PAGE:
Selective Inhibitors of Histone Methyltransferase DOT1L: Design, Synthesis, and Crystallographic Studies

Department of Pharmacology, Baylor College of Medicine, 1 Baylor Plaza, Houston, Texas 77030, USA.
Journal of the American Chemical Society (Impact Factor: 12.11). 09/2011; 133(42):16746-9. DOI: 10.1021/ja206312b
Source: PubMed


Histone H3-lysine79 (H3K79) methyltransferase DOT1L plays critical roles in normal cell differentiation as well as initiation of acute leukemia. We used structure- and mechanism-based design to discover several potent inhibitors of DOT1L with IC(50) values as low as 38 nM. These inhibitors exhibit only weak or no activities against four other representative histone lysine and arginine methyltransferases, G9a, SUV39H1, PRMT1 and CARM1. The X-ray crystal structure of a DOT1L-inhibitor complex reveals that the N6-methyl group of the inhibitor, located favorably in a predominantly hydrophobic cavity of DOT1L, provides the observed high selectivity. Structural analysis shows that it will disrupt at least one H-bond and/or have steric repulsion for other histone methyltransferases. These compounds represent novel chemical probes for biological function studies of DOT1L in health and disease.

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    • "A conserved SET domain is characteristic of most lysine methyltransferases (KMTs) for histone proteins, although not all KMTs have a SET domain. Namely, the Dot1L family uses a catalytic mechanism distinct from SET domain containing enzymes such as G9a (Yao et al., 2011). Lysine demethylases (KDMs) are also separated into two categories: FAD-dependent amine oxidases such as LSD1 and Jumonji domain-containing KDMs such as JMJD1 (Hou and Yu, 2010; Krishnan et al., 2011). "
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    ABSTRACT: Abstract Histone lysine methylation is a well-established transcriptional mechanism for the regulation of gene expression changes in eukaryotic cells and is now believed to function in neurons of the central nervous system to mediate the process of memory formation and behavior. In mature neurons, methylation of histone proteins can serve to both activate and repress gene transcription. This is in stark contrast to other epigenetic modifications, including histone acetylation and DNA methylation, which have largely been associated with one transcriptional state in the brain. In this review, we discuss the evidence for histone methylation mechanisms in the coordination of complex cognitive processes such as long-term memory formation and storage. In addition, we address the current literature highlighting the role of histone methylation in intellectual disability, addiction, schizophrenia, autism, depression, and neurodegeneration. Further, we discuss histone methylation within the context of other epigenetic modifications and the potential advantages of exploring this newly identified mechanism of cognition, emphasizing the possibility that this molecular process may provide an alternative locus for intervention in long-term psychopathologies that cannot be clearly linked to genes or environment alone.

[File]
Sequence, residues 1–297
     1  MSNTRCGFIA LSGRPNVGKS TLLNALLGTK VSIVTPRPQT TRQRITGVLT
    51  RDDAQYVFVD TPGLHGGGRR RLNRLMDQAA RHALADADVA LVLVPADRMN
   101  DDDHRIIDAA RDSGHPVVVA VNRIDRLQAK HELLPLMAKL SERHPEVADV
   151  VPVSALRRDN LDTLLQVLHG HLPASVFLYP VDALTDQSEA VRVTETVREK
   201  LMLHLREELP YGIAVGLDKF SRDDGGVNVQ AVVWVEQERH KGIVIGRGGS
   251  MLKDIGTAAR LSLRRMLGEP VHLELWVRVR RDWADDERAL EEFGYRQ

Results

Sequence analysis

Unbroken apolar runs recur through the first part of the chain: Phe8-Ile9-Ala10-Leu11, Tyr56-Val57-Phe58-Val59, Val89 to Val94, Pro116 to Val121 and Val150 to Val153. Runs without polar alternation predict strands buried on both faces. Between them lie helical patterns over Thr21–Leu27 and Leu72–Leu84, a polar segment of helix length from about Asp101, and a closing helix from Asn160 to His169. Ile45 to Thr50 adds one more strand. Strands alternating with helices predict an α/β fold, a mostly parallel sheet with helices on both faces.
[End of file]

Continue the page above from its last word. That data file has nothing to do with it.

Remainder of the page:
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    • "However, these experiments revealed only a minor improvement of median survival for treated mice (vehicle: 29 d versus drug: 32 d; Daigle et al, 2011). A novel S-(5′-adenocyl)-L-homocysteine (SAM)-homologue (substance 4) was able to efficiently inhibit DOT1L – besides CARM1, PRMT1 and EHMT2 (Yao et al, 2011). However , further experiments are necessary to provide sufficient evidence for clinical studies in the future. "
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    ABSTRACT: The last three decades of cancer research were guided by the hypothesis that cancer cells evolve due to the accumulation of many genetic aberrations over time. While this is still true for most solid cancers, it might be different in haemato-malignant diseases, which are mostly characterized by chromosomal translocations that exhibit only few additional mutations. Some of the resulting fusion gene products functionally interfer with epigenetic mechanisms. Recent findings of mutated IDH1, IDH2, DNMT3A or TET2 in myelodysplastic syndrome/acute myeloid leukaemia patients underscore this notion, and point to the importance of epigenetic changes for developing tumour cells. This review aims (i) to give an overview about the different components of the epigenetic system, (ii) to describe the functions of different proteins or complexes that are involved in setting-up the epigenetic layer, (iii) to highlight some recent findings, and (iv) to describe the failures and successes when using drugs that are targeting epigenetic components.
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